How to Comply with API Security Requirements in PCI DSS Version 4.0

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The rise of Application Programming Interfaces (APIs) over the last few years has impacted how all industries exchange information to conduct business. Simultaneously, APIs have become one of the leading attack vectors for criminals to leverage for data theft. 

The payment card industry is no exception, and security standards governing this space have evolved to address some of the unique threats APIs can pose to an organization. 

For the first time in its history, the Payment Card Industry Data Security Standard (PCI DSS) has explicitly included considerations for API security within its framework with the March 2022 release of its Version 4.0 security standard.

What Is the PCI DSS?

The PCI DSS is a set of security standards established to protect cardholder data and reduce the risk of payment card fraud. Version 1 of the standard was first released in 2005 by the Payment Card Industry Security Standards Council (PCI SSC), which includes representation from major credit card companies including Visa, Mastercard, American Express, Discover, JCD and UnionPay. 

PCI DSS applies to all organizations that handle, process or store payment card information, including:

  • Merchants
  • Service providers
  • Financial institutions
  • Any entity involved in the payment card transaction process 

The applicability and scope of the requirements found within the standard apply to organizations depending on the type of interactions the organization has with cardholder account data, such as payment channels the organization utilizes and the technologies utilized within the processes. 

API Security and the PCI DSS

An API would come into the PCI DSS scope for any organization hosting an API interface to receive or transit cardholder account data. Applicable security requirements for the API would include a range of general security recommended practices found within the PCI DSS, such as: 

  • Requirement 2. Secure service 
  • Requirement 4. Protocol configurations used by the API
  • Requirement 6. Use of secure development practices to mitigate and address vulnerabilities
  • Requirement 7. Appropriate authentication 
  • Requirement 8. Authorization of users 
  • Requirement 11. Conducting regular vulnerability assessments 

With the release of Version 4.0 of the PCI DSS security standard, the PCI council has included specific guidance on the use of applicable APIs for a handful of individual requirements found within the standard. The applicability of security controls for in-scope APIs isn’t limited to these requirements alone, but the council has updated included guidance to highlight considerations for the use and hosting of APIs that interact with cardholder account data. Guidance for these requirements is found within the PCI DSS Requirement 6 control family, Develop and Maintain Secure Systems and Software.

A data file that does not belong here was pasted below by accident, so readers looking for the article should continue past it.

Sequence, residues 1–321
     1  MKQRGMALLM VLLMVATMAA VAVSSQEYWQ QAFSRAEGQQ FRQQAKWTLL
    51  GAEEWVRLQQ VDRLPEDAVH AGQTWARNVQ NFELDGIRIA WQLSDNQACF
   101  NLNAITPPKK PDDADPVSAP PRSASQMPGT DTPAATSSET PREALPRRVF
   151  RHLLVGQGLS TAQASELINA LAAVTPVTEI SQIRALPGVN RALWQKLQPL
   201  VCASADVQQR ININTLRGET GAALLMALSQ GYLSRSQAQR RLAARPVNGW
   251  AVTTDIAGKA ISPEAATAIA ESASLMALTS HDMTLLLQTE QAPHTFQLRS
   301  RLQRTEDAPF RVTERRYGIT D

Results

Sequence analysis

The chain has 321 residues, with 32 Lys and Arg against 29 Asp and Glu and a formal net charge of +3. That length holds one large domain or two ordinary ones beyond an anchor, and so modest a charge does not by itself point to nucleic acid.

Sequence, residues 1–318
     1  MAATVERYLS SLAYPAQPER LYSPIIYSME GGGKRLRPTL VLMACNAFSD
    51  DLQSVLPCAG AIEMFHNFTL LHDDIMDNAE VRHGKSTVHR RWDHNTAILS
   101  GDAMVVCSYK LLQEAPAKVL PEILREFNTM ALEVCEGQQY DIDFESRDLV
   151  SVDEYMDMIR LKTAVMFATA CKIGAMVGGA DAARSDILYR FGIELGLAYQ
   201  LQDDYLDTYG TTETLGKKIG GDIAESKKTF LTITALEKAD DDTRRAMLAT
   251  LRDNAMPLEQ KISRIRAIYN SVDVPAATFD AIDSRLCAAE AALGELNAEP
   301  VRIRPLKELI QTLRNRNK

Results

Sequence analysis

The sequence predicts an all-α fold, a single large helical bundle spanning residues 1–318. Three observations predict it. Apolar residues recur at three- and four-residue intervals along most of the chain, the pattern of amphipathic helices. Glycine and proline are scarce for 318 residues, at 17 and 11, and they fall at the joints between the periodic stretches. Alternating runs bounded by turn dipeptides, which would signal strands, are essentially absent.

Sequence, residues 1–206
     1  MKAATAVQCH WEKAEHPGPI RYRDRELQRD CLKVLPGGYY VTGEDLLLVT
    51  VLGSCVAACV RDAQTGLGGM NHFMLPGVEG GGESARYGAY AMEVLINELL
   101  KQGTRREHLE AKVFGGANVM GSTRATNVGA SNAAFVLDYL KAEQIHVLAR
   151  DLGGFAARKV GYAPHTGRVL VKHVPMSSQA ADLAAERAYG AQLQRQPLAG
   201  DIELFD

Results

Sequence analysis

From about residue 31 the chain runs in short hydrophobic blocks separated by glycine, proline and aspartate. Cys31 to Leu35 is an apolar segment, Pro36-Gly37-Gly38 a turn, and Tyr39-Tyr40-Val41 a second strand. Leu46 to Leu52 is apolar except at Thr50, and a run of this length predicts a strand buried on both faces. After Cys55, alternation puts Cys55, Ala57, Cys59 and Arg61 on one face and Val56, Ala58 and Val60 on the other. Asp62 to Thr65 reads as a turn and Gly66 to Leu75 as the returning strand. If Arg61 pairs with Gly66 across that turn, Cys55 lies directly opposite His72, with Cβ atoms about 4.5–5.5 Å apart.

Practical Steps Towards Compliance

APIs are a unique part of an organization’s attack surface and require careful attention to keep them secure. A layered approach to API security is best for compliance and, more importantly, for keeping data secure. Here are five practical steps to help your organization lock down API-related risks.

  1. Update Your Inventory. You can’t protect the technical aspects of an environment you aren’t aware of, so the first step towards securing APIs is to keep an updated inventory. Organizations should have a documented understanding of the APIs involved in payment processing, the classification of data they handle, and the mechanisms in place to keep data safe.  
  2. Implement and Maintain a Robust Authorization Mechanism for APIs. Authorization-related vulnerabilities represent the most common weakness for APIs. Authorization checks for requested resources should be accessible by the authenticated user and performed regularly.
  3. Use a Standard Authentication Process for Requests that Deal with Private Data. Leverage multifactor authentication wherever possible. Apply authentication restrictions to help prevent brute force attempts, credential stuffing and other common authentication attacks.
  4. Securely Configure the Systems that Support APIs. Use transport layer security encryption for all servers that handle cardholder account data. Always include relevant security headers and only allow HTTP verbs that serve business requirements.
  5. Conduct Regular Security Audits of APIs and the Supporting Infrastructure. These audits should test the APIs for technical weaknesses as well as business logic flaws to help identify potential weaknesses.

Review the OWASP Top Ten and the OWASP API Security Top Ten for additional information about securing your organization’s APIs.

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